The idea is to mimic how nature cleans water, Moller said. “Baleen whales strain massive amounts of water through filters in their mouths to capture their food. We think our approach will act similarly on phosphorus at the molecular level.”
The three-year project will also allow up-close field work to assess the impact of a phosphorus-removal technology now used in municipal water reclamation plants in Alabama, Massachusetts and Minnesota invented by Moller.
The original process leads the marketplace for ultra-low phosphorus and mercury removal across North America. Wastewater plants in the United Kingdom and South Korea also draw on his discoveries. Two new billion-dollar, next generation power plants in Michigan and Ohio use this clean water technology to help provide electricity to 2 million homes.
The process can remove phosphorus from cities’ wastewater directly and streams and lakes affected by agricultural or municipal discharges.
“We are grateful for the opportunity to visit and assess how our technology is working in actual municipal water reclamation plants across the nation,” Moller said. “We will be able to better understand the equipment’s lifecycle and ways we can improve its efficiency.”
Moller’s Blue PRO system was developed at and patented by the University of Idaho. The technology is licensed to Nexom, which has installed the water treatment equipment the U of I team will explore in Citronelle, Alabama; Marlborough, Massachusetts; and International Falls, Minnesota.
Moller, Strawn and Baker conducted tests at an agricultural drain and at food processing plants in southern Idaho in 2019.
Baker and Moller tested the equipment at a marsh near Lake Erie in Ontario, Canada, as part of a $10 million prize competition overseen by The Everglades Foundation in 2018. The U of I team advanced to the final four, but the competition was suspended.
“Our innovations show we can make substantial progress in controlling these toxic algae blooms,” Moller said. “We are excited to accelerate new discoveries that may help solve a global water challenge.”
This project, titled “Phosphorus Removal to Oligotrophic Levels: Innovating Three High-Flow Water Technologies using Reactive Filtration, Biochar Adsorption and Nanobubble-Enhanced Biomimetic Separations,” is funded under the U.S. Environmental Protection Agency grant No. R84008701. The total project funding is $999,996, of which 100% is the federal share.
Study Focuses on Genome to Phenome Link
A new federal grant will support University of Idaho efforts to spur development of a “genome-to-phenome” infrastructure for scientific collaboration involving crops and livestock.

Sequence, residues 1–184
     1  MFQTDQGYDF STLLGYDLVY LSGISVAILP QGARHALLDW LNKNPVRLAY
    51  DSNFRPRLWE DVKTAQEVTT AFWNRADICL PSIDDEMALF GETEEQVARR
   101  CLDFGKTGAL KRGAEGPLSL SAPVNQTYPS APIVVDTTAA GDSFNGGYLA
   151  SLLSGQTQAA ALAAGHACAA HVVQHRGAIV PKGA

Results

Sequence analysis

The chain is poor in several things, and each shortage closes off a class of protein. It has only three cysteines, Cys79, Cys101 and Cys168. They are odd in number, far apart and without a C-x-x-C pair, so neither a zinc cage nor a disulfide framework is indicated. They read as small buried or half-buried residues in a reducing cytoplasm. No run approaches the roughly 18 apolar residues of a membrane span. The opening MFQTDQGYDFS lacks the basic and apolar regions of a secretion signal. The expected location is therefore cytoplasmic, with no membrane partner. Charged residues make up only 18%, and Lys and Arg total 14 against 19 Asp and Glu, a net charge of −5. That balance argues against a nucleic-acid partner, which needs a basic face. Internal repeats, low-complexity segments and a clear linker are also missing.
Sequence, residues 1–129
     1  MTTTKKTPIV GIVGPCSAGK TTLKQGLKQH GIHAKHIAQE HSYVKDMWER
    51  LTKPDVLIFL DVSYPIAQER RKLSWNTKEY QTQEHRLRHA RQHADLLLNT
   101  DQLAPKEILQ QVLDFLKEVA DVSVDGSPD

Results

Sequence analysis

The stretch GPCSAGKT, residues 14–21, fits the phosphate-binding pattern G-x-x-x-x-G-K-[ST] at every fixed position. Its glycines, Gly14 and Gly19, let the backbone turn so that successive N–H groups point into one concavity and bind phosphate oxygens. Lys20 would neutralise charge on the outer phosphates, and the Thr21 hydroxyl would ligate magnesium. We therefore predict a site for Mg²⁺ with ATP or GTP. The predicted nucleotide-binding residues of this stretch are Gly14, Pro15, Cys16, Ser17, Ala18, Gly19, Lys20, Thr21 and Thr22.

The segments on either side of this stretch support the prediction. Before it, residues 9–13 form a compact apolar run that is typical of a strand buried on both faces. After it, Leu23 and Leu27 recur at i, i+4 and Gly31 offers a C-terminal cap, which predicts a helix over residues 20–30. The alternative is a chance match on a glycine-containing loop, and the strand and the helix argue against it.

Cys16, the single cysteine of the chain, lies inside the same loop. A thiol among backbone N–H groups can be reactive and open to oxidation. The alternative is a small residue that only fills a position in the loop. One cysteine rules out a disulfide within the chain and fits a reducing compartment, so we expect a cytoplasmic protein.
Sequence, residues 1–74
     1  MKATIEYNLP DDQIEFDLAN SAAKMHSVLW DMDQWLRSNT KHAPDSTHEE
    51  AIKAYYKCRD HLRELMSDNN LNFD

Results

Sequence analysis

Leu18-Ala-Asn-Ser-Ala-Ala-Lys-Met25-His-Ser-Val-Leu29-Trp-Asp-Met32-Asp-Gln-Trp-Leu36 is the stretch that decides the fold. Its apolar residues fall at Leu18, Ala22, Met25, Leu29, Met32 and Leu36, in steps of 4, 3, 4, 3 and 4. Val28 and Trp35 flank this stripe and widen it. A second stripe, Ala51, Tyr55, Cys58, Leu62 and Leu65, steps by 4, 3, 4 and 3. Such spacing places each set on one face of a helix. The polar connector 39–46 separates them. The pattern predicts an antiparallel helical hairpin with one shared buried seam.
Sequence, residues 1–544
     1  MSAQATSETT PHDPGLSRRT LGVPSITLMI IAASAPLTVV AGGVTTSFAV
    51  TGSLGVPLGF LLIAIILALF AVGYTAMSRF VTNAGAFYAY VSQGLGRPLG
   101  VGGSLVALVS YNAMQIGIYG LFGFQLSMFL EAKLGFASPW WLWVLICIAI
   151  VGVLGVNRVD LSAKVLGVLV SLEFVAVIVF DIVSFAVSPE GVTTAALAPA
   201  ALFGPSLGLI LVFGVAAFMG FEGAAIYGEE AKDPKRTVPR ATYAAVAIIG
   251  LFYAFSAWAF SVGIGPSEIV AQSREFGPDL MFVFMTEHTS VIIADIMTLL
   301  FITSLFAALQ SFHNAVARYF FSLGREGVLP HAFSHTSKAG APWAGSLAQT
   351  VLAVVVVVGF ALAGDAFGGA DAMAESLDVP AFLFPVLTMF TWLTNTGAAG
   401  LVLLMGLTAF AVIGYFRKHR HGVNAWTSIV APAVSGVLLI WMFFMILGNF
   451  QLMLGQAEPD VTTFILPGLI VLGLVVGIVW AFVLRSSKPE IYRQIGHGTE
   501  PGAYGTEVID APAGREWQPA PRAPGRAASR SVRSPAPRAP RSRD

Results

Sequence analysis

The three-year, $960,000 project will provide guidance for organizing a larger anticipated federal Agricultural Genome to Phenome Initiative (AG2PI) sponsored by the U.S. Department of Agriculture’s National Institute of Food and Agriculture.
Researchers working from “genomics to phenomics” explore how genomes, organisms’ complete set of DNA, influence phenotypic traits, organisms’ physical attributes. Understanding those relationships make it possible to predict plant or animals’ physical characteristics based on their genes.
The USDA’s goal is to foster a broad community of researchers to use genome-to-phenome approaches as a foundation for improving agricultural efficiency and resilience.
“This grant and project will allow Idaho, agricultural scientists and allied industries to work together and pave the way toward predicting economically important traits from genomic information,” said Brenda M. Murdoch, a CALS associate professor in the Department of Animal, Veterinary and Food Sciences.
Other leaders on the grant include Iowa State University’s Patrick S. Schnable, Iowa Corn Promotion Board Endowed Chair in Genetics; and project director Carolyn Lawrence-Dill, a professor in the departments of agronomy and genetics, development and cell biology; and Christopher K. Tuggle, professor of animal science, and Jack C.M. Dekkers, distinguished professor of animal science. The team also includes University of Arizona’s Eric Lyons, associate professor from the School of Plant Sciences; and University of Nebraska-Lincoln’s Jennifer L. Clarke, director of the Quantitative Life Science Initiative.
The University of Idaho is part of a project, titled “NIFA AG2PI Collaborative: Creating a Shared Vision Across Crop and Livestock Communities,” is funded under the U.S. Department of Agriculture National Institute of Food and Agriculture grant No. 2020-70412-32615. The total project funding is $960,000 of which 100% is the federal share.
Faces and Places
Work began in recent days on the new Seed Potato Germplasm Laboratory along Perimeter Drive. A web cam offers a real time look at progress on the site.
- Oct. 1-2 — Rangeland Center Fall Forum
- Oct. 5-9 — Ag Days
- Oct. 9 — Celebrating Idaho Agriculture, 4-5:30 p.m. PDT